Editors Pick

Why you need to have a happy workforce

27th June 2024

Meet the Mentor: Rara Plumptre

We meet Finito mentor and founder of AECS communications Rara Plumptre


Tell us a little about your early life and education. Did you have mentors growing up who altered the way you are today?

I was taken to South Africa on the Union Castle boat to Cape Town in the 50’s at six weeks old by my nanny; my parents were living in Durban. My early life started in a rabbit hutch as I adored animals – and still do. I loved the outside world: sun, sea and sand.

My education didn’t start until I was five years old, where I went to a convent in Durban. Personally I wasn’t the most conforming of children – to say the least. Ten or so years later, at the age of 16, I ended my schooling with one GCSE: I had climbed out of, or been expelled, from most schools. Thankfully my education finished, much to my delight: the only thing I missed was sport. My mentor was my nanny, who for all my faults loved me and wanted me to achieve in life, and perhaps she found my truancy less troubling than my parents did.

My first job altered my whole life: at 17 years of age I was taken on as an au pair and cook for an Italian family in Florence, which I stayed in for a year and a bit, having opened the liquidiser on gazpacho soup on my arrival: I was still picking soup off the ceiling when I left! Once I was back in England, I walked into a job with Stephen Marks, founder of French Connection. At 19, I had become a manageress of his first shop in South Molton Street.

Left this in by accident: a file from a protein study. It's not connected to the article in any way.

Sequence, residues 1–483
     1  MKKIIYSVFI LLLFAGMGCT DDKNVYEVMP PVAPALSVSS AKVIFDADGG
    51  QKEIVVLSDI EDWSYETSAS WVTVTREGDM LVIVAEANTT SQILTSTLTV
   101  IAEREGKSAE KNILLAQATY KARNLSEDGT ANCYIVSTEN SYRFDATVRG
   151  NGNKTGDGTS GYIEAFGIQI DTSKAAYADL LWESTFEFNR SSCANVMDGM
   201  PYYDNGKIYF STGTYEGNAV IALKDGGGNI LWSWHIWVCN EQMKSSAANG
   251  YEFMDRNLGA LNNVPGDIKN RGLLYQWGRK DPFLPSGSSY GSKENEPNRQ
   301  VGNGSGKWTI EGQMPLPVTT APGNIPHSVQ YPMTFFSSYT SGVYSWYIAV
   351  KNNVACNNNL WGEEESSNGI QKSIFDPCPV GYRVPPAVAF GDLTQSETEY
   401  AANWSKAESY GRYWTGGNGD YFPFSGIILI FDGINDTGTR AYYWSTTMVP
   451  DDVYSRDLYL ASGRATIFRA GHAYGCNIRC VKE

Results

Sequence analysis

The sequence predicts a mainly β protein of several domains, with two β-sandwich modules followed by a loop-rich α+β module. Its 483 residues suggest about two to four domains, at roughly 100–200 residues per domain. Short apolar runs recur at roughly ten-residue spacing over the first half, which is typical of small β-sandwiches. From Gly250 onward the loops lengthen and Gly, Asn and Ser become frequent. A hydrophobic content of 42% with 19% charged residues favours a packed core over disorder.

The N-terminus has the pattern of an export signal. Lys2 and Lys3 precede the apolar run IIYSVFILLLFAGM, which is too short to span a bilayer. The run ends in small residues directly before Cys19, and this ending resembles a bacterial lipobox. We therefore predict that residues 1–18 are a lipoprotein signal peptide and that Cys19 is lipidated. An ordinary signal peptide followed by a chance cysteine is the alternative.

Knowing what you know now, what would say to your younger self about the world of work?

I would say it’s important to stay true to yourself and to be grateful for every day. I’ve also come to learn that business never goes straight, and that it’s vital to have mentors from an early stage.

Of course, the world has changed hugely. When I was growing up, we were more outside than in – rain or snow. We were freer and lighter with troubles, and we had less to worry about. We had a choice of one tomato, not 30 when we shopped: you could certainly say that life was much simpler – and perhaps what we need to do is cultivate that simplicity. When I first flew to Africa from England you couldn’t fly direct: we had to refuel in Entebbe in Uganda or Kinshasa in the Congo. My father gave us coins to buy stamps since he was a great stamp collector. When we landed in the above, we would buy the stamps we liked, and arrive in Johannesburg with them. He was thrilled to bits possibly not about seeing us – but the stamps he loved! I suppose I have wanted to preserve something of the old way of life in my own career.


You are obviously extremely passionate about helping the next generation. Can you talk a little about your experiences of working with the young. What’s the best way to help make a difference?


Life for the young now is very different than it was when I was brought up. We only did face-to-face interviews: nowadays online applications are the norm. I think that can be soul-destroying as often a mass of applications for a job can have not one single reply. In the future, my thinking is that as a society we need to rotate the young with mentors at a young age, bringing them up with two or three people who will help them right through their later stages of school, and build for their careers ahead. If we do that, then they will always have someone watching their back in life.